Bihar Polls: Why Did ECI Not Stop BJP’s Vaccine Politicisation?

Usually, it is the opposition parties who face the ire of the ECI instead of those in power at the centre.

4 min read
Image used for representational purposes.

The BJP’s poll promise of offering free COVID 19 vaccine to voters in Bihar is problematic and makes a mockery of the election commission’s model code and conduct. It also subverts Supreme Court’s guidelines where the apex court had said political parties should explain the budgetary provision required to fulfil poll promises.

Prima facie, much of the problems arising from such unrealistic and populist poll sop stems from absence of ethics or ethical foundation in Indian political system. Unlike the Westminster model of parliamentary democracy practiced in Britain, in the Indian version, propriety has seldom been on a premium.

The Model Code of Conduct, or the MCC, is based on the assumption that political parties and candidates would accord importance to issues of propriety, ethics and morality. In the absence of these lofty principles, the Westminster model is reduced to ashes.

Be it political defections, mixing of religion, sect, caste, or worldly allurements such as free distribution of booze and money on the eve of polling, all major political parties and their candidates are guilty of corrupt practices.

Activities such as:

  • using caste and communal feelings to secure votes,
  • criticising candidates on the basis of unverified reports,
  • bribing or intimidation of voters, and
  • organising demonstrations or picketing outside houses of persons to protest against their opinions, are prohibited.

Election Commission of India Has Not Always Been Toothless

Even a cursory look at three phase Bihar assembly elections would show that most of these provisions are not being followed.

The BJP’s move to use the pandemic for political gains should have been called out as a ‘wide ball.’ Instead, the Election Commission of India left the judgment to the sagacity of Bihari voters. From the initial response, it appears that union finance minister Nirmala Sitharaman’s sop has failed to make a requisite impact.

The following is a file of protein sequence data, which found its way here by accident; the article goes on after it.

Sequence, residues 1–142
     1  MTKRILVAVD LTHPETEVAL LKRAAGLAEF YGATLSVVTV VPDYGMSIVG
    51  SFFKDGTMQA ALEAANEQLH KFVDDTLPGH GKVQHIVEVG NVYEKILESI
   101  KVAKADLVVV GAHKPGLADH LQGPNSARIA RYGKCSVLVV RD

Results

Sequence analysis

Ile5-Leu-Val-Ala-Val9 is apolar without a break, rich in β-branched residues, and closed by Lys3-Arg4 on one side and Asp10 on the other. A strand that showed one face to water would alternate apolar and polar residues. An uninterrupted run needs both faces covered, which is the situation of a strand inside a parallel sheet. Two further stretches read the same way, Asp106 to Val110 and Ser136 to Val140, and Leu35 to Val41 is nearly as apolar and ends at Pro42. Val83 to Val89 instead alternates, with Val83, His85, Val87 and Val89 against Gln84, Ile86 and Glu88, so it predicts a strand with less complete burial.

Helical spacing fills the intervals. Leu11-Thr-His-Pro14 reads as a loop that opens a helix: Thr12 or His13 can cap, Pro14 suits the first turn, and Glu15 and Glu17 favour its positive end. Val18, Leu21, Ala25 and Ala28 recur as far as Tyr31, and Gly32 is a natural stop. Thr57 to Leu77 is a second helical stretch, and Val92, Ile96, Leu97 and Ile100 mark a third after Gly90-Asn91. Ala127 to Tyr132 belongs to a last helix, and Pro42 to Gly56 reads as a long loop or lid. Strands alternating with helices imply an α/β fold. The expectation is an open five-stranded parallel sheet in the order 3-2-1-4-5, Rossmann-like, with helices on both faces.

But the issue has not been the efficacy of the plank but the ECI’s inability to act decisively.

Many may not recollect now that present day ECI’s inaction is in sharp contrast to its assertiveness in 2014 when it had forced Dr Manmohan Singh government to postpone certain policy decisions by the government related to natural gas pricing and notifying ecologically sensitive areas in the Western Ghats.

In the constitutional scheme of things, the Election Commission of India has a statutory duty to act as a referee and vested with various powers to discipline erring parties and individuals. However, in practice, the three-member commission appears listless, careless, an off-the-field third empire who occasionally wakes up from deep slumber, just to administer some harmless nudge.

Does the ECI Act Only When the Opposition Parties Flout Codes?

More often than not, it is the opposition parties who face the ire of the ECI instead of those in power at the centre. Since 2014, the country has witnessed another feature linked to the timing of polls.  Central government agencies such as the enforcement directorate, income tax, central bureau of investigation etc go about conducting raids on many opposition leaders and individuals considered sympathetic to them. The ECI remains a mute spectator.

Several former election commissioners insist that Article 324 of the Constitution empowers the ECI to regulate political parties and candidates in order to ensure a free and fair election.

Privately, they pass the buck to the political parties pointing that there is no political will to cleanse the system.


Can Bihar Voters ‘Teach’ Propriety to Political Parties?

The ECI has been lacklustre since 2014. Each time a complaint was lodged against the Prime Minister, the ECI tried to look the other way.
When Yogi Adityanath was benched during 2019 Lok Sabha (not to campaign), the ECI did not issue any advisory to media for not covering his activities. Yogi observed silence and went on temple hopping, with huge media, mostly television journalists, in tow.
A minister in Madhya Pradesh was convicted for paid news and debarred from contesting,  but the ECI did not follow the case in the high court. The erring minister is back in business without a hurdle.

However, even the pre-Modi era record the ECI is not spectacular either.

When Sanjay Gandhi died in june 1980, the election commission failed to hold bypolls within six months. By the time Rajiv Gandhi took oath as Amethi’s MP, the calendar read 17 August, 1981.

The quest for political gains at the cost of everything is posing a major threat to an otherwise robust, vibrant, and participatory democracy. Bihar verdict on 10 November, therefore, may have a powerful message considering that politics of Bihar has a history of ushering in monumental changes.

Or, the author is simply being wishful.

(Rasheed Kidwai is the author of ‘24, Akbar Road, Ballot’ and ‘Sonia: a Biography’. He is a Visiting Fellow at the ORF. He tweets at @rasheedkidwai. This is an opinion piece and the views expressed above are the author’s own.The Quint neither endorses nor is responsible for them.)

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